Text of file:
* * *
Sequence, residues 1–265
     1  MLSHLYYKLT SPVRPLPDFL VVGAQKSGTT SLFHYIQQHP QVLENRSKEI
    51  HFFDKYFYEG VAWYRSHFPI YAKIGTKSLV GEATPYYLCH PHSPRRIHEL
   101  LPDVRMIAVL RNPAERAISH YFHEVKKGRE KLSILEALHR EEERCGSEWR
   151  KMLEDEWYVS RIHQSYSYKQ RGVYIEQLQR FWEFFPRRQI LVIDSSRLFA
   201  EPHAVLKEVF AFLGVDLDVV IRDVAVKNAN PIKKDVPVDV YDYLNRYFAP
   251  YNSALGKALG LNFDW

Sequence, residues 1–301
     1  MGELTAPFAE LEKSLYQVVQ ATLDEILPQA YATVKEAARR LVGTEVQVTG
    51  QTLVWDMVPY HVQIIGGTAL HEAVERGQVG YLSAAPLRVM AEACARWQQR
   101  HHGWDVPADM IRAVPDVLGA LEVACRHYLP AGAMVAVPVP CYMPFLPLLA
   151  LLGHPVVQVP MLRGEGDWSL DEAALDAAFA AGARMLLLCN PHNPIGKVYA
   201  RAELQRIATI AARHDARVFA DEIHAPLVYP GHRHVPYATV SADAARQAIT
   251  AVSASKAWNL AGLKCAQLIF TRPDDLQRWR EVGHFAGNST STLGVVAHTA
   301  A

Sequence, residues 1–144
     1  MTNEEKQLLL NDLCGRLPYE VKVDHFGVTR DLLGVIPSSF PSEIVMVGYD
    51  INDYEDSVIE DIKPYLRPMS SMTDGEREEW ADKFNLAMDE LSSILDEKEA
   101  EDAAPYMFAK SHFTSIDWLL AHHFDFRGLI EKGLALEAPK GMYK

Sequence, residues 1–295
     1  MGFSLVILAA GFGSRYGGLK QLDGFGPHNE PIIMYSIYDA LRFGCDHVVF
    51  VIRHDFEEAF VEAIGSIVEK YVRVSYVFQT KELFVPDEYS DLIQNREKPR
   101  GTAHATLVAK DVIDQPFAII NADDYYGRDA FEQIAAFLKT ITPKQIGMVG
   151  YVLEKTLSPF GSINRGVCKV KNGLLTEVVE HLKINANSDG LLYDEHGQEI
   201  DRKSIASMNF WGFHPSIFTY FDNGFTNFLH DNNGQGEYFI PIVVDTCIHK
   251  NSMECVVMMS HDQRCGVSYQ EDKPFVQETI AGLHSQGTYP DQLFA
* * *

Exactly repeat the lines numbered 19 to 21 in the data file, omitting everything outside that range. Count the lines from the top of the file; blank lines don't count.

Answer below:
   101  EDAAPYMFAK SHFTSIDWLL AHHFDFRGLI EKGLALEAPK GMYK

Sequence, residues 1–295
     1  MGFSLVILAA GFGSRYGGLK QLDGFGPHNE PIIMYSIYDA LRFGCDHVVF